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Native American stereocards

Call Number: RH PH 521


25 stereocards of posed views of Native American life, manufactured by the Keystone View Company. One stereocard displays students in front of Haskell Institute in Lawrence, Kansas. Terms and language used on the stereo cards to identify the photographs is representative of when the images were created and by whom; this language has not been replicated in this finding aid. No individual tribes are identified in the collection.


  • Creation: undated [circa 1900-1910]


Conditions Governing Access

No access restrictions.

Conditions Governing Use

Spencer Library staff may determine use restrictions dependent on the physical condition of manuscript materials.

History of Stereocards

Stereocards are a double set of photographic paper prints mounted on cardstock that is viewed through a stereoscope to produce a three-dimensional image. It was a popular photographic medium in Europe during the mid-1800s. Once mass-production methods became available, stereocards became distributed across the United States by the 1880s.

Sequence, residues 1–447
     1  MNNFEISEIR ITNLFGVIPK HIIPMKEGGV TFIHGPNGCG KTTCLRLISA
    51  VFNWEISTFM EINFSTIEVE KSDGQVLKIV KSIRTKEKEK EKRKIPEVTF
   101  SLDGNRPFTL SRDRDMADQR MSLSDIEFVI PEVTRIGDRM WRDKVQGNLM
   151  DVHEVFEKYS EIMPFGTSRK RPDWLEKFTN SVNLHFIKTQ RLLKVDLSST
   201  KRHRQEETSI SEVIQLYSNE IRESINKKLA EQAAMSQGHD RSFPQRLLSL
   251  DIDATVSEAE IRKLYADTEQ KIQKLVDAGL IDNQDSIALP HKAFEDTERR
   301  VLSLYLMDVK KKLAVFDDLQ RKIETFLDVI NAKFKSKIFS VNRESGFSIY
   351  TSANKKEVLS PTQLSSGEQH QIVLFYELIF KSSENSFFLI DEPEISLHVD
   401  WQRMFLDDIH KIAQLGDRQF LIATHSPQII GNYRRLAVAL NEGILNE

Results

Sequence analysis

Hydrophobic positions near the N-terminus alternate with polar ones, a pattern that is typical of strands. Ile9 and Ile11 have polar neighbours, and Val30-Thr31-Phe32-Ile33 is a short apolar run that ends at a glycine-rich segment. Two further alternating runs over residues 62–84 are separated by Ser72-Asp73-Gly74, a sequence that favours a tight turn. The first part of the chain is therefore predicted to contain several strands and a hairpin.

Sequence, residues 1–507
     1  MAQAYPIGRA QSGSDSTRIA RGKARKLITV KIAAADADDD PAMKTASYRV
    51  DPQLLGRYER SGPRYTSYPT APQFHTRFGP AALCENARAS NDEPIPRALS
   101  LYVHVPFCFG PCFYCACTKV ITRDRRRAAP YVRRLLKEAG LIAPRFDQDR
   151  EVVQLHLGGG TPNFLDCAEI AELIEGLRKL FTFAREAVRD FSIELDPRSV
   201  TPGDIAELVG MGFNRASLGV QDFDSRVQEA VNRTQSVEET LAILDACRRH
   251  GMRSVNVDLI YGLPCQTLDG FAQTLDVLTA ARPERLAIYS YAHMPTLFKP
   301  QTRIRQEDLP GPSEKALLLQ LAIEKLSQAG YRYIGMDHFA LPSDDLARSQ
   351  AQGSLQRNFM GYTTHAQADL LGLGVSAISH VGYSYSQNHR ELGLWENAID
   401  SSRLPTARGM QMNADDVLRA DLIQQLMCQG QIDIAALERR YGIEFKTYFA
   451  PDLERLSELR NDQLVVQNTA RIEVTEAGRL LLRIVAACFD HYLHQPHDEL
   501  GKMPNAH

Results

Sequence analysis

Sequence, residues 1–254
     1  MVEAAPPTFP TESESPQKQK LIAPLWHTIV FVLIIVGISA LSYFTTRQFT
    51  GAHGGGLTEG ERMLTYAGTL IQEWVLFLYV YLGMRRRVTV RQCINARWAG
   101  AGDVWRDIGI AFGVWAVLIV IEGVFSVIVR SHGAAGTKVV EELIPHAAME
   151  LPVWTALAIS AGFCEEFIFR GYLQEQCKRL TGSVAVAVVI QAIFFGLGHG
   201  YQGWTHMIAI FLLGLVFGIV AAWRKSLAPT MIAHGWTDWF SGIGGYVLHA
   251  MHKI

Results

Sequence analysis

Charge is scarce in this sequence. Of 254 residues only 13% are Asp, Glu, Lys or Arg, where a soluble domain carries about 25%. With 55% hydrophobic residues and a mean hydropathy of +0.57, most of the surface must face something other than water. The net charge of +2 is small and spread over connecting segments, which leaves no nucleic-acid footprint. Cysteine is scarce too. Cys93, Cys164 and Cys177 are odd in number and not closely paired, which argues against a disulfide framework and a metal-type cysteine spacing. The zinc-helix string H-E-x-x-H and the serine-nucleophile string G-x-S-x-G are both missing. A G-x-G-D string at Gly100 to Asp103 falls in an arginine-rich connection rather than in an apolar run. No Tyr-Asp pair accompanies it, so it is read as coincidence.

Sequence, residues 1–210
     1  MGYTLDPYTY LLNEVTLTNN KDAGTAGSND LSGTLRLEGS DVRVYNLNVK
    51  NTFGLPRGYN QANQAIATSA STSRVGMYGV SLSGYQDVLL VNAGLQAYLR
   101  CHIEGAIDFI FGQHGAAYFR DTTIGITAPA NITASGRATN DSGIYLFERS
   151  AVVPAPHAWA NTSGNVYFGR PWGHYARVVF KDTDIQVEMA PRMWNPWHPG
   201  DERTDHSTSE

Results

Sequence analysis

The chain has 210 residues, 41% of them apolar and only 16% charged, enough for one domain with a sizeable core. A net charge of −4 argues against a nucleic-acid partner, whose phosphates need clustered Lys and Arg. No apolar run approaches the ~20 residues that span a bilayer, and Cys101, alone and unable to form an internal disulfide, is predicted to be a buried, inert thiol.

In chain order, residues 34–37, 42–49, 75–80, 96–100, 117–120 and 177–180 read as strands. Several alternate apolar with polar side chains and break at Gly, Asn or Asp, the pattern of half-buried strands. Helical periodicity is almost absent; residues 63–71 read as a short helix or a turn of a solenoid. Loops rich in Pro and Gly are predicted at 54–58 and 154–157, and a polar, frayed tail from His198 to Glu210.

The Keystone View Company was a major distributor for stereographic images, located in Meadville, Pennslyvania and producing educational and recreational stereocards from 1892-1963.


.25 Linear Feet (1 document case)

Language of Materials


Physical Location

RH PH 521

Guide to the Native American stereocards collection
Native American stereocards
Finding aid prepared by mnm. Finding aid encoded by mnm.
Description rules
Describing Archives: A Content Standard
Language of description
Finding aid written in English.
Finding aid permalink
Preferred citation
Native American stereocards, RH PH 521, Kenneth Spencer Research Library, University of Kansas.

Repository Details

Part of the University of Kansas. Kenneth Spencer Research Library Repository

1450 Poplar Lane
Lawrence KS 66045-7616 United States